WASHINGTON – Senators Chuck Grassley of Iowa and Amy Klobuchar of Minnesota today reintroduced bipartisan legislation to expand the public’s window into federal court processes and procedures by allowing television cameras in federal courtrooms.  The  Sunshine in the Courtroom Act allows judges to permit media coverage of trial and appellate cases while ensuring appropriate due process safeguards and privacy protections for witnesses and jurors remain intact.
“Federal courtrooms represent a place to find justice and to resolve disputes fairly. They also represent the birthplace of decisions that can impact the lives of Americans for generations. Yet many Americans may never have a chance to step foot in a courtroom and witness the judicial process in action. Allowing cameras in the courts creates a window into our judicial process for those Americans who may never climb the courthouse steps.  In much the same way that C-SPAN fostered a greater understanding of the legislative process and improved transparency in Congress, allowing cameras in federal courtrooms would contribute to a better understanding of, and appreciation for, the American judicial system,” Grassley said.
“Our nation is stronger when the public can see how our institutions function and reach their decisions. The decisions made in courtrooms across our country impact the lives of every American. At a time when good journalism is more important than ever, allowing television cameras inside the courtroom would boost public confidence in government and contribute to a well-functioning democracy,” Klobuchar said.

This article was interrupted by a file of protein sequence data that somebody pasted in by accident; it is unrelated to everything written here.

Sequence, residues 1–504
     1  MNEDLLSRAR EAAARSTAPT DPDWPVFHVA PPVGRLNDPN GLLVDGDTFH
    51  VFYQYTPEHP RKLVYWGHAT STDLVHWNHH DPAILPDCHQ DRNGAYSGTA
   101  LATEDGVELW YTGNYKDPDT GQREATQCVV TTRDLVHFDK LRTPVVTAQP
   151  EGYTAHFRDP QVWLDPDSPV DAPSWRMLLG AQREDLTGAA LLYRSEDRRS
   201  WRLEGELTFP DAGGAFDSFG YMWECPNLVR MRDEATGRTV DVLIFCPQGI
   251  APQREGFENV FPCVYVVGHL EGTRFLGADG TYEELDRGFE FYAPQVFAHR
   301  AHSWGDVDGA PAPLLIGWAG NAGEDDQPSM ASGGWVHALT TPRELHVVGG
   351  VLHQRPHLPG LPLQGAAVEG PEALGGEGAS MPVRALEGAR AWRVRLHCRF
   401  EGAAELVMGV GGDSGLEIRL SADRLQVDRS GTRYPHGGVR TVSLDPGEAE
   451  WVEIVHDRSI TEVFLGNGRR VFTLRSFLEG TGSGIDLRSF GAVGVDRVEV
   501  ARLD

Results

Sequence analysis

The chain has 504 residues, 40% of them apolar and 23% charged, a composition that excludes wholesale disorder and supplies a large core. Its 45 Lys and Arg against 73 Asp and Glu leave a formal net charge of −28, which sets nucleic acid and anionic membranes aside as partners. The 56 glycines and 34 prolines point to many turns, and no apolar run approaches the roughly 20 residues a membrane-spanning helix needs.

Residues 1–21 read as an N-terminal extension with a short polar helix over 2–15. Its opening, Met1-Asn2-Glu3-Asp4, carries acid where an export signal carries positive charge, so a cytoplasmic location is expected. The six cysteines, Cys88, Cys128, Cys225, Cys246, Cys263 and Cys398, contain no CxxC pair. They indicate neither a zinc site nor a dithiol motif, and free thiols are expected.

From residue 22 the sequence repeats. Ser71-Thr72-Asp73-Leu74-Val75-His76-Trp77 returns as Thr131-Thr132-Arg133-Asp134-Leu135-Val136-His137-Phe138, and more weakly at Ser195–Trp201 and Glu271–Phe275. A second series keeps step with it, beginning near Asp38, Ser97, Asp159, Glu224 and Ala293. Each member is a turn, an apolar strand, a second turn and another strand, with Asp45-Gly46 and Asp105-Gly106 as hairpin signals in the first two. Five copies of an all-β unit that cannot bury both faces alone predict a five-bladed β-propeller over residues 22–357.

The  Sunshine in the Courtroom Act, S.770, grants the presiding judge in all federal courts, including the Supreme Court, the discretion to allow cameras in the courtroom while protecting the identities of witnesses and jurors when necessary or upon request. It also prohibits media coverage of private conversations between clients and counsel, between opposing attorneys, and between counsel and the presiding judge. The bill contains a three-year sunset provision, requiring Congress to evaluate how media access is impacting the judiciary.
All 50 states currently allow some form of audio/video coverage of court proceedings under a variety of rules and conditions, however federal court rules vary by district. Many federal courts, including the Supreme Court, prohibit the use of live media coverage.  Public scrutiny of federal court proceedings will produce greater accountability and transparency of the judiciary system.
Along with Grassley and Klobuchar, the bill is cosponsored by senators John Cornyn (R-Texas), Dick Durbin (D-Ill.), Patrick Leahy (D-Vt.), Richard Blumenthal, (D-Conn.) and Ed Markey (D-Mass.).
Text of the  Sunshine in the Courtroom Act is available  HERE.
Grassley is also the lead cosponsor of separate legislation requiring television camera access in U.S. Supreme Court oral argument proceedings. The bills coincide with Sunshine Week, a time dedicated to raising awareness of the importance of transparency in government.